Biomineralization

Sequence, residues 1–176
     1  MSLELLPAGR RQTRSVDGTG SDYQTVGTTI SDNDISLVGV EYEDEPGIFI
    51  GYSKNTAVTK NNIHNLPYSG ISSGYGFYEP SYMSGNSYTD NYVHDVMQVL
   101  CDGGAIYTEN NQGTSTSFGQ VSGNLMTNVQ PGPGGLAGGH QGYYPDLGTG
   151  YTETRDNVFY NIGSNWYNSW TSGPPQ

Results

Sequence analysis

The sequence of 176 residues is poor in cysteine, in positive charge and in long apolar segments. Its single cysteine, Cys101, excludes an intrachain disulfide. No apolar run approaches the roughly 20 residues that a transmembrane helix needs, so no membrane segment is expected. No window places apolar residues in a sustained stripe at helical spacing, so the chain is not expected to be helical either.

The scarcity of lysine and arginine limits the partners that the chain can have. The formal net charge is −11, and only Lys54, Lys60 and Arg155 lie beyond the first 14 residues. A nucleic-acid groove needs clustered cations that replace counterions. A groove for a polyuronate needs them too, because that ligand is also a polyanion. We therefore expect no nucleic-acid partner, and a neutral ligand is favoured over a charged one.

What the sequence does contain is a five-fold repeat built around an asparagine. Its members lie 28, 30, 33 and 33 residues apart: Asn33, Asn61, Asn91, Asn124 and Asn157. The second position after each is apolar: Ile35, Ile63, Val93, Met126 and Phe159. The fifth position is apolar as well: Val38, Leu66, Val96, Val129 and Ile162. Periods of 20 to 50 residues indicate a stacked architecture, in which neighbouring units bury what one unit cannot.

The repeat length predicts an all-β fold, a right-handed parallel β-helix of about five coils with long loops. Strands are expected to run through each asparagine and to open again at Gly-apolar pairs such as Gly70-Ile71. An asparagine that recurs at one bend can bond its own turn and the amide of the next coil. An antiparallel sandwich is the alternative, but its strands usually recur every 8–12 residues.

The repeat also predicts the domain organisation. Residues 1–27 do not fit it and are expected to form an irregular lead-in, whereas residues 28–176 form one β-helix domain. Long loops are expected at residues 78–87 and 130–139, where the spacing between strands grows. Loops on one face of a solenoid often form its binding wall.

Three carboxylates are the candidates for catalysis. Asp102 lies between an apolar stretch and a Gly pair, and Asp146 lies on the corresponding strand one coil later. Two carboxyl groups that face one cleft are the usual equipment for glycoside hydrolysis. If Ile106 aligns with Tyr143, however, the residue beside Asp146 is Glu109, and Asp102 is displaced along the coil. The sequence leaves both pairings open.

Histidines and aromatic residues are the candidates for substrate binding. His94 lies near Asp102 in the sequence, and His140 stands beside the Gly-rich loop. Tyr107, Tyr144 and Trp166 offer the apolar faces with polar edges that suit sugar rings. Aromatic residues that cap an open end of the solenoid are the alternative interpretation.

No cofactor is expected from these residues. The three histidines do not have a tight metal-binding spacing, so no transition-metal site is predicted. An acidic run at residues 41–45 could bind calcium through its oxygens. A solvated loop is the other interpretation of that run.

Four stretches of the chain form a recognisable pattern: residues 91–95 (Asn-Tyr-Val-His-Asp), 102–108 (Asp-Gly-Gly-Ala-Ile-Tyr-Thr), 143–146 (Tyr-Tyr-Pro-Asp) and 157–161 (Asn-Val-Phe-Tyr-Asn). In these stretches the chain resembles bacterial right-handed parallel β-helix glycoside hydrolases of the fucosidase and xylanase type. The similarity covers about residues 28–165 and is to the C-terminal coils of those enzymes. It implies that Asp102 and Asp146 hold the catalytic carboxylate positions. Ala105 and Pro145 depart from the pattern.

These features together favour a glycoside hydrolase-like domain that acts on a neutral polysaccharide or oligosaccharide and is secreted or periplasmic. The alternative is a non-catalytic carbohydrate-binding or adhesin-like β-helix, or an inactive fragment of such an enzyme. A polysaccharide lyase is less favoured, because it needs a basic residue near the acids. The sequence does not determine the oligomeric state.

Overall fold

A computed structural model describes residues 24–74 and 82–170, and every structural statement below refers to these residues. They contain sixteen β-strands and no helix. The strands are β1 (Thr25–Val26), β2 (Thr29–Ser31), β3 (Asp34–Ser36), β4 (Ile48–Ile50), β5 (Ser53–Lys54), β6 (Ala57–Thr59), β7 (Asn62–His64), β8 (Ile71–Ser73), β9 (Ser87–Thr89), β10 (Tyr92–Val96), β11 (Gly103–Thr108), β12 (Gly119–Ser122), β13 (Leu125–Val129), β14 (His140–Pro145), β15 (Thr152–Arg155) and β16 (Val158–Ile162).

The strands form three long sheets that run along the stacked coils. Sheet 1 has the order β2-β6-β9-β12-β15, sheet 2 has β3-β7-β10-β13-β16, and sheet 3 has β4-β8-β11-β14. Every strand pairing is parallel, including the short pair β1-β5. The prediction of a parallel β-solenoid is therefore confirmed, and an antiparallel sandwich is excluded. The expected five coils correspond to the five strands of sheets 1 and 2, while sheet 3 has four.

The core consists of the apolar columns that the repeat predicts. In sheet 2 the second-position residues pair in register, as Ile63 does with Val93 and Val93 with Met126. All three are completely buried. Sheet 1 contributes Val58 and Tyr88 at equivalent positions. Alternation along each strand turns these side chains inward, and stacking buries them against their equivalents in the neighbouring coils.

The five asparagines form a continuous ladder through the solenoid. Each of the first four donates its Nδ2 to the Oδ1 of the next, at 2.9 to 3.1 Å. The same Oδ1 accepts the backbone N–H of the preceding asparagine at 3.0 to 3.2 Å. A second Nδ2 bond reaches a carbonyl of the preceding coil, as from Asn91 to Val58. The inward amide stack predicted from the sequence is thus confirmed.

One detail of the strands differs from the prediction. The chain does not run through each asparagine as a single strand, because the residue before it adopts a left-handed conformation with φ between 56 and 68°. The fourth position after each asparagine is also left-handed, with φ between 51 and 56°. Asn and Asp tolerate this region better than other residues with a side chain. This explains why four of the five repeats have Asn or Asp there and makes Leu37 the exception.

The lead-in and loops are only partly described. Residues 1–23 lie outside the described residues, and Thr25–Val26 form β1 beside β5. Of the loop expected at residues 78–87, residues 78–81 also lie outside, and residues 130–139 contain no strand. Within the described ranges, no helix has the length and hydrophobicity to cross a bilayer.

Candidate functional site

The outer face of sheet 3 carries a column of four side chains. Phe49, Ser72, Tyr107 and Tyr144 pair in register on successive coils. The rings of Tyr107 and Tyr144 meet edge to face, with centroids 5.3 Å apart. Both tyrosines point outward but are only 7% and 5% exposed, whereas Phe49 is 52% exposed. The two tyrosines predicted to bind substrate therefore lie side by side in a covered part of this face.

In addition to chelation, the induction of mineral formation can lead to metal depletion in the direct surroundings of a bacterial cell. Biomineralization is the process in which microorganisms aid the growth of crystals by providing either a crystallization initiator or anions for mineralization. Both of these approaches to biomin-eralization depend on the presence of cells, and the latter depends on the presence of actively growing, living cells. One well-studied example of biomineral formation is provided by the intracellular magnetite-containing bodies formed by magnetot-actic bacteria (Bauerlein 2003). An extracellular biomineralization process appears to be more conducive to metal resistance. The formation of hydrozincite in zinc-rich mine effluents has been described (De Giudici et al. 2007). There, the precipitates formed with bacterial inocula were the dominant species of zinc in the AMD waters. This biomineralization would also allow growth under high nickel stress. Indeed, the formation of a new biomineral with S. acidiscabies E13 was demonstrated (Haferburg et al. 2008). The natural mineral struvite is composed of Mg (NH4)(PO4) 6H2O; nickel struvite, as we termed the biomineral observed in our cultures, is its nickel analog: Ni(NH4)(PO4) 6H2O. The crystals form on top of colonies growing on solid media, but also in liquid cultures of the strain. The medium contains not ammonia but nitrate as the nitrogen source, which does not allow mineralization without active metabolism of the streptomycete. The mineral formed is extremely pure, with only minimal magnesium impurities, which is especially interesting because the natural mineral struvite could also have formed, using magnesium from the medium. However, this was not observed, which suggests a biologically controlled process. Inoculation of the media with dead biomass did not lead to nickel/struvite formation, showing that it indeed is an active, biologically controlled process that warrants the term "biomineralization." With nickel bound to a mineral phase, the cells clearly have an adaptive advantage in terms of released nickel stress.

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